By Jared Chausow
By Katie Toth
By Elizabeth Flock
By Albert Samaha
By Anna Merlan
By Jon Campbell
By Jon Campbell
By Albert Samaha
Letter of the Week
Black to reality
Re Anya Kamenetz's "Black Out" [December 1, 2005, villagevoice.com]: I am a white person now living in Baton Rouge. I go back to New Orleans every week. I can't understand the mentality that a black city, run by black leaders, black police, black housing officials, black churches, and black everything else, would want to lock out black people. Come on. Let's get to the real point. The kooks on CNN speak for no one but their own delusional selves. Nothing was "blown up" and no one is being "locked out." The city's housing projects are abandoned not because no one wants black people in them. It's because they are more unlivable now than they were before the hurricane. The middle- and upper-class blacks in the city are, like their white counterparts, still displaced. They may come back, but like everyone else, they must determine if they can and will rebuild.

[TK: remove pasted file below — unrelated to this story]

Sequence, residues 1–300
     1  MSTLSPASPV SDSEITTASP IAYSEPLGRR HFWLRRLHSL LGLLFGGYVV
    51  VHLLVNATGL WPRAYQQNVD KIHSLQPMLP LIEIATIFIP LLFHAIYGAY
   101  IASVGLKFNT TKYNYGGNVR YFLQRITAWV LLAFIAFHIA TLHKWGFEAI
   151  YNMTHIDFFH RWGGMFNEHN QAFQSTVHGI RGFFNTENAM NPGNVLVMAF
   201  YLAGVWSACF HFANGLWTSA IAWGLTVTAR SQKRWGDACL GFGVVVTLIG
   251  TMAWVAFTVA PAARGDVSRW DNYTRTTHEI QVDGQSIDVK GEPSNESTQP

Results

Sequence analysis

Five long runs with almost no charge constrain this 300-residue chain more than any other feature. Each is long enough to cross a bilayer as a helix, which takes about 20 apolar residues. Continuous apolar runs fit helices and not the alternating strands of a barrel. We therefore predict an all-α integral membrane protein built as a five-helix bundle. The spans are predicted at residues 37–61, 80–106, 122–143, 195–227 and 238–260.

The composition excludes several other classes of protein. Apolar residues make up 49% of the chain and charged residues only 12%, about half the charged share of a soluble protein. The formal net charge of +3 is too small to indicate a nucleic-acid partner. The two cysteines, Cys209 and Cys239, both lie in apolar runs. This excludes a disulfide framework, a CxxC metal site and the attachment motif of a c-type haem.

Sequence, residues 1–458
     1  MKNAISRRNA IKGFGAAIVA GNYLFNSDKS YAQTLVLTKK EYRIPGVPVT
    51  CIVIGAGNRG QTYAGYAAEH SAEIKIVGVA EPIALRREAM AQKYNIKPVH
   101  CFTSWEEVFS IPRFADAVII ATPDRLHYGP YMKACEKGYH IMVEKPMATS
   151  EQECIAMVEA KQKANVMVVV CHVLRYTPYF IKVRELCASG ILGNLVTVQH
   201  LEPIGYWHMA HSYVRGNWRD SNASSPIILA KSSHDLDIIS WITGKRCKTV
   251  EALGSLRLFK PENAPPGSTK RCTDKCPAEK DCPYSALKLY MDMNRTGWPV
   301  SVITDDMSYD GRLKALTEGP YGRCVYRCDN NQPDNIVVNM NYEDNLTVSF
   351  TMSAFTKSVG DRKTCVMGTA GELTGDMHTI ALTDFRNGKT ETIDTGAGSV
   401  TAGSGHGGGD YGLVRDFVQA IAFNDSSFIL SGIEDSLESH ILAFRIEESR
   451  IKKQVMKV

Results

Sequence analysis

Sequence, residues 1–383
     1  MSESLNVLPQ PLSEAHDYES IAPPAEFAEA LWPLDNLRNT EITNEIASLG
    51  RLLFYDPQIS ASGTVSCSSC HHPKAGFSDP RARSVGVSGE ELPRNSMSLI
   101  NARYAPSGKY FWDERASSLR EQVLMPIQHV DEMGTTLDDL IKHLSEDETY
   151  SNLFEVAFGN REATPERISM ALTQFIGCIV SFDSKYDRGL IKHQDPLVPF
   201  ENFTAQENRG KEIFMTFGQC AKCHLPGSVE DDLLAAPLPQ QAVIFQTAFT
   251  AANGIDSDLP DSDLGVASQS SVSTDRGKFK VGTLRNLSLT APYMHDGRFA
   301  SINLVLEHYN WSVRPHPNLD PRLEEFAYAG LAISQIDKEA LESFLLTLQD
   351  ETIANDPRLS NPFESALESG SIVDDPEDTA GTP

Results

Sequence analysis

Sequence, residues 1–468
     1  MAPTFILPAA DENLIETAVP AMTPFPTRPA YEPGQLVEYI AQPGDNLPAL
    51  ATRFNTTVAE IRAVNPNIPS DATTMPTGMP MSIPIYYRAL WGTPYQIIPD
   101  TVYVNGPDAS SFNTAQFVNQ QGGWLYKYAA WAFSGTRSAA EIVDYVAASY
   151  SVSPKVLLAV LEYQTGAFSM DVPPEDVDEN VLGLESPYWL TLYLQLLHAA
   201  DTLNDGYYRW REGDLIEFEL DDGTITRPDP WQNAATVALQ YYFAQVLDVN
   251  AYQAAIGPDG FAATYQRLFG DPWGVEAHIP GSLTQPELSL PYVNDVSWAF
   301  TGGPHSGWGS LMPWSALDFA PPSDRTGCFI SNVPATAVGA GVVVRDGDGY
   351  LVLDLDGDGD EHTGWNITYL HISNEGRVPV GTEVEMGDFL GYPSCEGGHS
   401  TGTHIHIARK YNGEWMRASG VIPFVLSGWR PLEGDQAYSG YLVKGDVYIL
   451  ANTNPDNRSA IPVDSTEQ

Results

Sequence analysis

Baton Rouge, Louisiana
Re Corina Zappia's "WWRTD: Or, What Would Roger Toussaint Do?" [December 21, 2005, villagevoice .com] : To pillory Roger Toussaint is what most people would expect. Granted, his character and his nature make him hard to identify with. The simple notion that he hurt us New Yorkers is exactly what makes this story more complicated than a simpleton like Zappia is capable of comprehending. Toussaint did the right thing; he shut down the city, illustrating that even an 800-pound gorilla has weaknesses. Why shouldn't the government honor its pension obligations? Why should future workers expect anything less than those who preceded them?
I'm in agreement with Nat Hentoff on the question of eliminating torture ["McCain's Retreat," Liberty Beat, December 28, 2005January 3, 2006], but I think that in the McCain matter he is making the error of opposing the better and the best. McCain has made progress by forcing the matter out into the open and getting the administration to define torture (what is not in the manual) and ban it. Restricting our dealing with terrorists to the remedies afforded by the federal judiciary is wrong. A jihadi with identifiable terrorist connections can't be afforded the protection of the great writ of habeas corpus for two reasons: (1) because the needed action is about prevention rather than punishment and (2) because you can't afford to compromise intelligence sources. Balancing all this is tough, but in this battle McCain is one of the good guys.
New Orleans, Louisiana